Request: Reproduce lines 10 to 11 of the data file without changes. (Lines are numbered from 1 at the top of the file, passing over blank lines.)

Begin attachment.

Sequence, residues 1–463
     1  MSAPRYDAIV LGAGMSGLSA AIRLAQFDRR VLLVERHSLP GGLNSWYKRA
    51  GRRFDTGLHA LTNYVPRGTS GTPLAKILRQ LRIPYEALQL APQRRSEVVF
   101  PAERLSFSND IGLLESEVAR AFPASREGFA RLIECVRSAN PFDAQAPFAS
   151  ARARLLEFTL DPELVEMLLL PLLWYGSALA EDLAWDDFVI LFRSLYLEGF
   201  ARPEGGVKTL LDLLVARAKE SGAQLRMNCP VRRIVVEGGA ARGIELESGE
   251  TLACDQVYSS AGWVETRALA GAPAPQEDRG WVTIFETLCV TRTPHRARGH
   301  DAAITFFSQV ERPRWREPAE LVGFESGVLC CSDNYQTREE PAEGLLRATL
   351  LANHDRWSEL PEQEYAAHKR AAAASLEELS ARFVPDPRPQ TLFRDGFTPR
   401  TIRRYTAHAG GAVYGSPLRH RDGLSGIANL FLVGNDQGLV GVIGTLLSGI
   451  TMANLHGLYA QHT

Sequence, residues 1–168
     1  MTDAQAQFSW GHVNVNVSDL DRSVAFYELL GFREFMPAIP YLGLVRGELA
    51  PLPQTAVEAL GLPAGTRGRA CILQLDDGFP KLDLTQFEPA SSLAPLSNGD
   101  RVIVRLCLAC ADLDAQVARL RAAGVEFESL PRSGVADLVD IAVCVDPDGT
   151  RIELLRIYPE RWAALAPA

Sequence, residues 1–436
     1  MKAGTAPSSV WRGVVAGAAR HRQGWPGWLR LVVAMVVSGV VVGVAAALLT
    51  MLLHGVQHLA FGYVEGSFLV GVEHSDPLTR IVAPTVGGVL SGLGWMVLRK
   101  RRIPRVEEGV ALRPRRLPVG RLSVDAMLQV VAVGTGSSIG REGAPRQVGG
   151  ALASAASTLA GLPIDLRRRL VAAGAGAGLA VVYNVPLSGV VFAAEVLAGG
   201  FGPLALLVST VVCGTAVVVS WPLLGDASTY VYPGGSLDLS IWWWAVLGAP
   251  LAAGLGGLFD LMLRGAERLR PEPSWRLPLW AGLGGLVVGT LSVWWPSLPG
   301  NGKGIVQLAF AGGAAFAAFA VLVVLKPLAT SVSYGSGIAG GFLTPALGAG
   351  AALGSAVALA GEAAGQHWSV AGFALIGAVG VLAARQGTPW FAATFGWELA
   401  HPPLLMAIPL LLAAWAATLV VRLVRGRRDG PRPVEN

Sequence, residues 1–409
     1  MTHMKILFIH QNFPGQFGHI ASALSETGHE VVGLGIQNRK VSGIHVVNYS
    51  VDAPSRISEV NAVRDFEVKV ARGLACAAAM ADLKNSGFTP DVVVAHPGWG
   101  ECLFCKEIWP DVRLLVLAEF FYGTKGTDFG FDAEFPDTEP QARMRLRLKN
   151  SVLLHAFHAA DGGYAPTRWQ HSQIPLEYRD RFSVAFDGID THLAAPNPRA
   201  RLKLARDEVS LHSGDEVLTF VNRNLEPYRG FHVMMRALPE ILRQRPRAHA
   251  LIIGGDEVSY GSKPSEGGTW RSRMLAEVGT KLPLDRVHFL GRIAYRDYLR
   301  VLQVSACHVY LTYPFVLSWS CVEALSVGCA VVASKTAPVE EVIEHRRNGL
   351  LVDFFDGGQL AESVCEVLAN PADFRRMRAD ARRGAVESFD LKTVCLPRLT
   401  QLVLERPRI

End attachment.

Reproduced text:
   401  TIRRYTAHAG GAVYGSPLRH RDGLSGIANL FLVGNDQGLV GVIGTLLSGI
   451  TMANLHGLYA QHT